The Great Man theory of leadership, stating that individuals of great skill, intelligence, and charisma can greatly affect history, is rightfully a 19th century idea. Not only is there inherent sexism in the title itself (most world leaders up until that point had been men), but the notion of one politician singlehandedly altering national or world history repels our relatively democratic and egalitarian sensibilities. And the days of inherited royalty, where one monarch’s psychological whims can mean the sudden deaths or riches of many, are long gone in the Western world.
Yet even in the US federal government, which famously separates powers, the portraits of famous personalities captured in memoirs or biographies can teach us how the levers of power are pulled. The famous “LBJ treatment,” in which President Johnson would cajole and bully senators one-on-one may make for a nice anecdote, but the fact that Johnson had the most legislatively successful presidency in the 20th century makes his temperament more consequential. That his tactics paved the way for everyday staples like Medicaid and Medicare makes the man even more interesting. I have a pretty specific taste in books these days: oversized tomes detailing the minutiae of the lives and times of former public officials. Some examples include Master of the Senate, a LBJ bio that spends its first 100 pages outlining nearly two centuries of US Senate history; The Kennedy Half-Century, which gives a full chapter to each presidency since JFK and compares the two; and The White House Years by Henry Kissinger, which is, you guessed it, a 1500-page account of Dr. Kissinger’s tenure by Dr. Kissinger himself, relying on internal memos, recordings, and his own diary during his service to two presidents.
Now, I give these cheeky descriptions to beg the question: do my reading habits mean I’m a glutton for punishment or merely an overzealous student of history? The answer is probably both, but I wear the second like a badge of honor.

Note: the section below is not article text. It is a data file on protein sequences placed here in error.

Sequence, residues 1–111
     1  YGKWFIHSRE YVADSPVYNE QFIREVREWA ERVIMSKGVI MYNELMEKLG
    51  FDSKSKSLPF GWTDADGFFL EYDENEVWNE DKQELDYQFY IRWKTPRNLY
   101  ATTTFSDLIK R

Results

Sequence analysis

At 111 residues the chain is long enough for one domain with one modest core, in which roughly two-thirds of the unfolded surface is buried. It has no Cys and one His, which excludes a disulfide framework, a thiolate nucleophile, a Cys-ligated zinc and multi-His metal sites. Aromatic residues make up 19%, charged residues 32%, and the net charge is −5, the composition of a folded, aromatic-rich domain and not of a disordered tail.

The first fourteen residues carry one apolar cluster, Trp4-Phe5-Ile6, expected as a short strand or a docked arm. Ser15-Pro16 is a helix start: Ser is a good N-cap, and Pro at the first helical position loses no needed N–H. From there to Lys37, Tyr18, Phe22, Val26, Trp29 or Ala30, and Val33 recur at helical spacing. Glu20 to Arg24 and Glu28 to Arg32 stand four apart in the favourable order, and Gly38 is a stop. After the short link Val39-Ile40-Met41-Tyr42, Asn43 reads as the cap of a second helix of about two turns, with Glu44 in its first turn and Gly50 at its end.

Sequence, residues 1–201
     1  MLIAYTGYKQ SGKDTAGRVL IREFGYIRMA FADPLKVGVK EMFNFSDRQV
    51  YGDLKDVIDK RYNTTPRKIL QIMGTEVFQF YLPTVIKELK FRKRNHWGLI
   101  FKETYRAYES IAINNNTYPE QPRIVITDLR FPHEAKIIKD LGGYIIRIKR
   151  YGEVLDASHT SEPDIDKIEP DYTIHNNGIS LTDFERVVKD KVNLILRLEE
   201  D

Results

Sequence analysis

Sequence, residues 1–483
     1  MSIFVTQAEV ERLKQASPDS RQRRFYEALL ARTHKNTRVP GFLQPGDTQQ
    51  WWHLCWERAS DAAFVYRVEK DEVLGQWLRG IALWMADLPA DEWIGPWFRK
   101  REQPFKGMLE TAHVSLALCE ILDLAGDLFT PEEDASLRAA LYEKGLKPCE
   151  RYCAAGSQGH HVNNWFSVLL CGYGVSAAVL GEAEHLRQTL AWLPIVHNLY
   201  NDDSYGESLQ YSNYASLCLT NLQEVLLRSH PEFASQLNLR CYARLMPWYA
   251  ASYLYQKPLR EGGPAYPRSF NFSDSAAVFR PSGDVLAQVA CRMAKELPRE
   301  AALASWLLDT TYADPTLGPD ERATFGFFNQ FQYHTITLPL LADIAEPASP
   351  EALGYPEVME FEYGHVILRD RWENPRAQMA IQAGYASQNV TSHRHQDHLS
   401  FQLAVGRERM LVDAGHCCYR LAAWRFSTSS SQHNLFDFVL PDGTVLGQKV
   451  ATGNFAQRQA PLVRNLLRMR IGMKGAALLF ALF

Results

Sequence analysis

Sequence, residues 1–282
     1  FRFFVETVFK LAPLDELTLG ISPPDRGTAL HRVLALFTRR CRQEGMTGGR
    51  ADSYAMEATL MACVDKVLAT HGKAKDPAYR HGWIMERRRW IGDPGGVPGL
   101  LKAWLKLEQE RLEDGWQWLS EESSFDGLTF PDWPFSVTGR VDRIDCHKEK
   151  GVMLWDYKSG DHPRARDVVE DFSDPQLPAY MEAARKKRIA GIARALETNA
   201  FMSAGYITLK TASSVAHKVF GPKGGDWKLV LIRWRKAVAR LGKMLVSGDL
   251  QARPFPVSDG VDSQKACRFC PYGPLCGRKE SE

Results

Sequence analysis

You see, book critics and academics tend to scoff at even the most honest biographies and memoirs. When I told my history professor my plan to read all the Caro books on LBJ, he said “4,000 pages is an awful lot of time to spend on a one-term president.” Similarly, Shelby Foote’s belief that the only two true geniuses of the Civil War were Abraham Lincoln and Nathan Bedford Forrest got plenty of eye rolls from my history and literature professors like. I have to admit, even I’m skeptical of grandiose statements like that.
In short, biographies are important. Memoirs, while they often involve navel-gazing, are important. As the 2016 election approaches, I’ve noticed a sudden onslaught of books written by and about people with names like Cruz, Clinton, and Huckabee. We may know these books are mostly for candidates to get their brands out there and build a political platform, but such works can reveal where these personalities seek to direct our world and, as a result, affect our daily lives.
I’d love to hear about your favorite history book, biography or otherwise. Leave me a comment about it or come tell me about it in the shop!
Until next time,